The maximum tax payable is R14,150 per annum assuming a turnover of R1 million. This is a very low amount – for example, assume the entity is a company and makes R200,000 taxable income, then it will pay R56,000 in income tax versus R14,150 above.
Turnover Tax businesses pay no other income taxes (such as Provisional Tax and Capital Gains Tax) but will need to collect and hand over Employee Tax, and VAT should the business entity choose to voluntarily register for VAT.
In terms of who may register for the tax the field is broad – companies, sole proprietors, partnerships, close corporations and cooperatives are eligible.
Another break is that these entities need only keep limited records as follows:
- Income received
- Dividends declared
- Any Asset over R10,000
- Any Liability over R10,000 at year end.
There are restrictions placed on the business, the main ones being:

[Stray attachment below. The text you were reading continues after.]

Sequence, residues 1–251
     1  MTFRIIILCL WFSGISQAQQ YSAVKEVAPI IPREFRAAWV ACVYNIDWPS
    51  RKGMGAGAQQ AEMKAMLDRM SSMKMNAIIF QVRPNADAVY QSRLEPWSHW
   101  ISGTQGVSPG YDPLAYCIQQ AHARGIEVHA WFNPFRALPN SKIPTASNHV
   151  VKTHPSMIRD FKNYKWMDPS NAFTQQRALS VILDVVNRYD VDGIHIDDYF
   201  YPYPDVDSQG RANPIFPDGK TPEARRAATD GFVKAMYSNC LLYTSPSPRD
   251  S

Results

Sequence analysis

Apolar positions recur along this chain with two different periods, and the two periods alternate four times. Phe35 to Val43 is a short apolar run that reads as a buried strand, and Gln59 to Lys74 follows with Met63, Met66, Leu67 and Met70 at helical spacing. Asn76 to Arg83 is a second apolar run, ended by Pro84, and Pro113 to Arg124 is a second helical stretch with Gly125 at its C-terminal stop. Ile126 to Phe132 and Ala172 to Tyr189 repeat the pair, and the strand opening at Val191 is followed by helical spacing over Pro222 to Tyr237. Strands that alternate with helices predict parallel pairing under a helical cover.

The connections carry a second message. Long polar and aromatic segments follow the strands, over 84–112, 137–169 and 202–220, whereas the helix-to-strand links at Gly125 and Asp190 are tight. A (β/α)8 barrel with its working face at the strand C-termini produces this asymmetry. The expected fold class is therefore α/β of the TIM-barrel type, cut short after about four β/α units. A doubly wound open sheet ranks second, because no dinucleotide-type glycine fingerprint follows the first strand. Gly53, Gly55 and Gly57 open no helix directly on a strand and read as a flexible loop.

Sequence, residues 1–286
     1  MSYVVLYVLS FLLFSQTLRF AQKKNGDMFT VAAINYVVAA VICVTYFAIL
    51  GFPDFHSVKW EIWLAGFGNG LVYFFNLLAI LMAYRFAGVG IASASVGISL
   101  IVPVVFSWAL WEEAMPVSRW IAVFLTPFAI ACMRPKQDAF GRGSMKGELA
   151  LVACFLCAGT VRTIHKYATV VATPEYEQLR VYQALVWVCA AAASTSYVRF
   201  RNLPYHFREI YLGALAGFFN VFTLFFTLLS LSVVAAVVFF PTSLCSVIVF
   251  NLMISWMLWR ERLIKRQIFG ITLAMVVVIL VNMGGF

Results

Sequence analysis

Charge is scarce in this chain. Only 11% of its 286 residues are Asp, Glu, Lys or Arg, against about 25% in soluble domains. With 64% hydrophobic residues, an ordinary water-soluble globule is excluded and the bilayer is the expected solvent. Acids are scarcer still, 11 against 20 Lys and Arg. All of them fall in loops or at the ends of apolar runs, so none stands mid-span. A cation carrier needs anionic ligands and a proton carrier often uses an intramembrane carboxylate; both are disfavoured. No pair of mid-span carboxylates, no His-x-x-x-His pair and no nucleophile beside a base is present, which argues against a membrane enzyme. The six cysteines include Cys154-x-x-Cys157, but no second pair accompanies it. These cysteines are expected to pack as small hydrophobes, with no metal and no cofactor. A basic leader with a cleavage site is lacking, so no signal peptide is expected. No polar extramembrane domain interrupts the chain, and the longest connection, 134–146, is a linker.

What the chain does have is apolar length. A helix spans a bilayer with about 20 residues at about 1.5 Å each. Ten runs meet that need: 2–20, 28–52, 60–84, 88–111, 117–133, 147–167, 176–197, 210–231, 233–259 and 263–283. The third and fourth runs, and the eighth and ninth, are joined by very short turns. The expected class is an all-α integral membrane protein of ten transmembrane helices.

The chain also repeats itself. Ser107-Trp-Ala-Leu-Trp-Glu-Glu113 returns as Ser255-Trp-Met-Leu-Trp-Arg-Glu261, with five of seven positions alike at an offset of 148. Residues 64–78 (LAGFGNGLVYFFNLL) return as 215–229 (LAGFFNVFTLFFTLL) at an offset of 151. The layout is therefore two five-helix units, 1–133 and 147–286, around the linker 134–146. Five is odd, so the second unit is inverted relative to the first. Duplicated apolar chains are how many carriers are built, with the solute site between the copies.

- Owners cannot hold investments in other companies except listed entities and other public-interest entities such as bodies corporate;
- The business must have its year end on 28 February (to comply with SARS requirements in terms of dates when tax payments are to be made);
- If more than 20% of income received is from investments or professional services, the business will not qualify;
- NGOs, public benefit organisations and recreational clubs cannot apply;
- Labour brokers and personal service providers are also not eligible;
- The proceeds from the sale of capital assets cannot exceed R1.5 million in a three year period.
As soon as turnover exceeds R1 million in a business’ financial year, it must de-register as a Turnover Tax entity.
Turnover Tax is not that popular with organisations. Commentators have speculated this is due to:
- The SARS administration workload.
- Keeping only limited records reduces the business’ ability to analyse how well (or badly) it is doing. Having information is particularly important in the early stages of a business.